Howard Longyear – Marquette’s Most Famous Drowning
In the last three weeks, five people have drowned in Lake Superior, in Grand Marais, and at Marquette’s Presque Isle Park and Picnic Rocks. If you are going to swim in Lake Superior, remember always to swim with a buddy; do not swim in bad conditions, even moderate waves, and know the conditions.
In celebration of August being maritime month, I thought I would post here about Marquette’s most famous drowning, as retold in my upcoming book My Marquette:
The Longyear Mansion’s residence in Marquette would be short-lived as the result of family tragedy. In 1900, Howard Longyear and his friend Hugh Allen drowned in Lake Superior while canoeing between Marquette and the Huron Mountain Club. The Longyears were devastated and walked the entire shoreline from the Huron Mountains to Presque Isle Park, hoping to find their son still alive.
Once they accepted Howard’s death, the Longyears decided they would donate their property below the bluff to the City of Marquette to build a memorial park named for their son. When the Marquette and Southwestern Railroad announced it wanted to run a railway through the property, the Longyear family entered into a legal battle with the railroad which was settled in the railroad’s favor.
When the blasting for the rail bed began, the Longyears decided to go to Europe. Mrs. Longyear was so angry at the railroad and the City of Marquette that she vowed never again to set foot in Marquette. Mr. Longyear agreed to move back East, but he did not want to leave behind their fabulous home, so while the couple was riding down the Champs Elysees in Paris, he suggested they actually bring the house with them when they moved to Massachusetts. Mrs. Longyear readily agreed.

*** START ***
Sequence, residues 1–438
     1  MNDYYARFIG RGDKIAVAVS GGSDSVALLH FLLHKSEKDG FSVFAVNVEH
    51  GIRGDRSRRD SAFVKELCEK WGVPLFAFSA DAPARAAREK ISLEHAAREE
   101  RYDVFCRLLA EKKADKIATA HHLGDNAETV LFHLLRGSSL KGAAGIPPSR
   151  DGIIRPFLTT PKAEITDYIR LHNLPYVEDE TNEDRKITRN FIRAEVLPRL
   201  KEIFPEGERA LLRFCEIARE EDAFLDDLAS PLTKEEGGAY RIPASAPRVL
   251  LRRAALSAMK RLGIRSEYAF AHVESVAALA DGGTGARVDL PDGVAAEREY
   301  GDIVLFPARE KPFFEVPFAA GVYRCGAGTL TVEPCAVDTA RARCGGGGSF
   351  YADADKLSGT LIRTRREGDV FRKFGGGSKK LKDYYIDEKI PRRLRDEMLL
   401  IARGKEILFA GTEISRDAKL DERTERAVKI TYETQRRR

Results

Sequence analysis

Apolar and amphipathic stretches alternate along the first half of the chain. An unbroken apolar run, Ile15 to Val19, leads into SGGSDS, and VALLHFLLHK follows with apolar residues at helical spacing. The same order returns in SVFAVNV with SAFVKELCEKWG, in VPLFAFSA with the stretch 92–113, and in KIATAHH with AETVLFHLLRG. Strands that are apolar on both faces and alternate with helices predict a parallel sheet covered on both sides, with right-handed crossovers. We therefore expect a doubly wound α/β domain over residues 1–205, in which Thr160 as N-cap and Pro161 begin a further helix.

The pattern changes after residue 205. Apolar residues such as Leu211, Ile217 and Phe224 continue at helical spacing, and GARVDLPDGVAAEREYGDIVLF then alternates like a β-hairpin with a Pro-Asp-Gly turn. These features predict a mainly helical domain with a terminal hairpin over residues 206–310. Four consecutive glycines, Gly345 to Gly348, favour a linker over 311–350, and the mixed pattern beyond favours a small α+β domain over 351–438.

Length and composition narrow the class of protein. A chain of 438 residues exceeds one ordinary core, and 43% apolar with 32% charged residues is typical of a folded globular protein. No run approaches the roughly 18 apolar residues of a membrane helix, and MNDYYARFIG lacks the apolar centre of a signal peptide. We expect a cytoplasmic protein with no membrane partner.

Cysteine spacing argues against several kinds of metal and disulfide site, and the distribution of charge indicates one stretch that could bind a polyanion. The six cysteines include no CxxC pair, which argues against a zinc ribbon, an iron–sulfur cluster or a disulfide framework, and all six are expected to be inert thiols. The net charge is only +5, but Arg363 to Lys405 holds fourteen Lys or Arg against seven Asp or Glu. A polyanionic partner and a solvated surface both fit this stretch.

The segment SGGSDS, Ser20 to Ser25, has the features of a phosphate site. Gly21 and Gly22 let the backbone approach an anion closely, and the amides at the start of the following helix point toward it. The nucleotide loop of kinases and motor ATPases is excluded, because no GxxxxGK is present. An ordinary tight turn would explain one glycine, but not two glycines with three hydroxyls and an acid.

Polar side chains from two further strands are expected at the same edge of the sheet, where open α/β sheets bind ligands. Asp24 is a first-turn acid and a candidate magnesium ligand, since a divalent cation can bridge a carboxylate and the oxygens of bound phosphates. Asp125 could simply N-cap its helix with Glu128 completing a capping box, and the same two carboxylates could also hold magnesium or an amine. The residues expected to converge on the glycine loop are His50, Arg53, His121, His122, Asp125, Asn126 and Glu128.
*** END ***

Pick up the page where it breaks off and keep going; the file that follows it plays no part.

The undertaking was massive. In January, 1903, the dismantling began and by June, the house was starting to be reassembled in Brookline, Massachusetts, three miles inland from the ocean because Mrs. Longyear did not want to hear the ocean’s pounding surf, which would remind her of Lake Superior’s roaring waves that had claimed her son. The move would take three years, longer than it took originally to build the house. Each stone block had to be cleaned, numbered, carefully wrapped in straw and cloth and then shipped east. In all, 190 train cars would be used to transport the house. The move was considered an engineering miracle at the time and listed in “Ripley’s Believe It or Not.” Before reassembly was completed, it was decided the house would not look well on its new property in its current shape, so it was laid out differently. When the newer version of the home was completed, new additions were made until it contained one hundred rooms.
My great-great grandfather, William Forrest McCombie, was among those hired to disassemble the house. My great-grandmother, Barbara McCombie White, wanted to see the house, so her father told her if she would bring him his lunch about noontime when most of the workers were on their lunch breaks, she wouldn’t be in the way and could look around. Once she started walking through the house, she became lost and her father had to go find her. This family story inspired a scene in The Queen City where Margaret gets lost in the mansion.
The Longyears lived in their Brookline home until their deaths. John M. Longyear passed away in 1922 and Mrs. Longyear in 1931. Mrs. Longyear bequeathed the home to the Mary Baker Eddy Foundation—Mary Baker Eddy was the founder of the Christian Science religion. After the Longyear children contested the will, the home became both the headquarters for the Longyear Foundation and a museum for the Christian Science church. In 1985, an episode of the popular television show Spenser for Hire was filmed there. In 1996, the expense of maintaining the home as a museum became too high and it was sold for $6.5 million to a developer who turned it into luxury condominiums.
Mrs. Longyear never did set foot again in Marquette, but because Mr. Longyear needed to continue doing business there, he built a home at Ives Lake at the Huron Mountain Club where the Longyears would stay whenever they were in Upper Michigan, and Mr. Longyear would often stay overnight in Marquette as needed. Today, many of the Longyears’ descendants continue to live in Upper Michigan.
For more information about the Longyear Family, including photographs, read my upcoming book My Marquette and visit my website www.MarquetteFiction.com.
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